Pharmaceutical firms continue to advertise more and more prescription drugs directly to consumers, advocating them to discuss the focal health condition and the efficacy of the advertised drug with their physicians. In this paper, we investigate the effectiveness of such direct-to-consumer advertising (DTCA) on different types of patients. Specifically, we examine the impact of DTCA on patients with different affliction levels and the effectiveness of television versus print ads as an influence on more severely versus mildly afflicted patients to visit their physicians. Briefly, using data from the erectile dysfunction category, we find that DTCA generates a stronger response from new patients with severer versus milder afflictions. We also find that DTCA in print media generate a stronger response from new patients with severer versus milder afflictions whereas DTCA on television is more effective for new patients with milder conditions. We discuss the implications of our findings for policy makers concerned with improving public health as well as for pharmaceutical firms seeking to target different types of patients through print versus television ads.
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We acknowledge that another objective of DTCA is to remind current users and DTCA may influence new patients’ subsequent visits. We leave this as a future research avenue.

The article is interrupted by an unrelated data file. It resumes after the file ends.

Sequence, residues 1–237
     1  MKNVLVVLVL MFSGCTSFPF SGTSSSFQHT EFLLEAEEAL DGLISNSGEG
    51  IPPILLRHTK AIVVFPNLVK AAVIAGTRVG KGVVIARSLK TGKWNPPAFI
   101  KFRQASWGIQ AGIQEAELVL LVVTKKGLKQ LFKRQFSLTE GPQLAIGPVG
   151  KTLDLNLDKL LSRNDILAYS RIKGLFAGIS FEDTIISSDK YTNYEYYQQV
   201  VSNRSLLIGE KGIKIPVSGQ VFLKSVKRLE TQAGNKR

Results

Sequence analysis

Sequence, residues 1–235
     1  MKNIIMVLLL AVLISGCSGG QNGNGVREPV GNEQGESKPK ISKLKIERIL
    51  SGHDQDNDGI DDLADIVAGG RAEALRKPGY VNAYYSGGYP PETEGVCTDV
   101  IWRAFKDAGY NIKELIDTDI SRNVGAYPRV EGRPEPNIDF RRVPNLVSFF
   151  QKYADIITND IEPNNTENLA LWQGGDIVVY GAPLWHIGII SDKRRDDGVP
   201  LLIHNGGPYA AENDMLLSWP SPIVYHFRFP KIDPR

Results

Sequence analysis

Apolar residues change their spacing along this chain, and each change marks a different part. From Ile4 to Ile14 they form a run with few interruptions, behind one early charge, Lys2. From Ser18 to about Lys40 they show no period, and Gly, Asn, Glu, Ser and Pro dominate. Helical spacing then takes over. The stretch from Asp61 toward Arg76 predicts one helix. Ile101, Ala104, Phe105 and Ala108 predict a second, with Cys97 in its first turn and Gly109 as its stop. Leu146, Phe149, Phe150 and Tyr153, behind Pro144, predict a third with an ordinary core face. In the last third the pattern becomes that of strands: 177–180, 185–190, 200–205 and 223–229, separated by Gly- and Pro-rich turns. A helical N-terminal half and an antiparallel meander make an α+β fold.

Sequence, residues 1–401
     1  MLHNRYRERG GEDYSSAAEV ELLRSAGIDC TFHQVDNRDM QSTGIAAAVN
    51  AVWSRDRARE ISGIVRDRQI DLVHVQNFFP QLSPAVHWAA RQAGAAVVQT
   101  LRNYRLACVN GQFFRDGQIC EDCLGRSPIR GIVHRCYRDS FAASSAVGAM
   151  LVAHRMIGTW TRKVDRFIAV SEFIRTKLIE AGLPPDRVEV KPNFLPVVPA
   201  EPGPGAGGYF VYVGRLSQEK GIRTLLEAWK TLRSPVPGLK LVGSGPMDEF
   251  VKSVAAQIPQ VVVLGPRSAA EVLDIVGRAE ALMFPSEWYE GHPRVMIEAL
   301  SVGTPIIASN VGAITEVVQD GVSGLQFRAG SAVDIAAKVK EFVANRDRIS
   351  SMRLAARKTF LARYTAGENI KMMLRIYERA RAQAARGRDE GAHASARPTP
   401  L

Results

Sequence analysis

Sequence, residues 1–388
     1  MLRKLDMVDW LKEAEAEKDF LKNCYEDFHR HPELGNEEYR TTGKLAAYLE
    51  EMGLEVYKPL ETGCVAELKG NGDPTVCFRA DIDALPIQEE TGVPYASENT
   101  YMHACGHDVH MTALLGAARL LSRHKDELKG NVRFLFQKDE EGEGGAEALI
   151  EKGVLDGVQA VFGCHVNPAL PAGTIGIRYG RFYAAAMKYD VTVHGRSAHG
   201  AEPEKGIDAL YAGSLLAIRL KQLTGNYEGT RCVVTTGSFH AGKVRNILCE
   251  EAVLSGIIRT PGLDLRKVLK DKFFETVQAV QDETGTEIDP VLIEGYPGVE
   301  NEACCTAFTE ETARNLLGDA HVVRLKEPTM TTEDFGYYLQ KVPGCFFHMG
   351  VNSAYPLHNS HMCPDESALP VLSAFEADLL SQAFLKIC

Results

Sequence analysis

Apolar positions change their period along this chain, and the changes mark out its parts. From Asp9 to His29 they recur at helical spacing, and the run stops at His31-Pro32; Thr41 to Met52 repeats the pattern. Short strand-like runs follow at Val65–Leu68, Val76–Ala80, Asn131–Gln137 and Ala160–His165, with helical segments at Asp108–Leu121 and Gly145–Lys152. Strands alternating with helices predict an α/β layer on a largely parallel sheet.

We thank an anonymous reviewer for suggesting the share model to appropriately assess the differential impact of DTCA on the two types of patients.
We add 1 to the share of mild patient visits to avoid the log of zero. For the DMA-month with zero new patient visits, the share is not defined. To solve the problem, we use the share from the previous month in the same DMA as an imputation for the share in the current month.
We tried to include an interaction effect between TV and print advertising but did not find significant interaction effect between TV and print advertising.
The grid search yields similar carry-over parameter estimates for the Poisson models. Our empirical results also remain qualitatively unchanged for alternative values of carryover rates.
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The data used in this study were generously provided by ImpactRx Inc
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Liu, Q., Liu, H. & Kalwani, M. “See your doctor”: the impact of direct-to-consumer advertising on patients with different affliction levels. Mark Lett (2020). https://doi.org/10.1007/s11002-020-09514-y
- Consumer involvement
- Direct-to-consumer advertising
- Patient flow
- Health care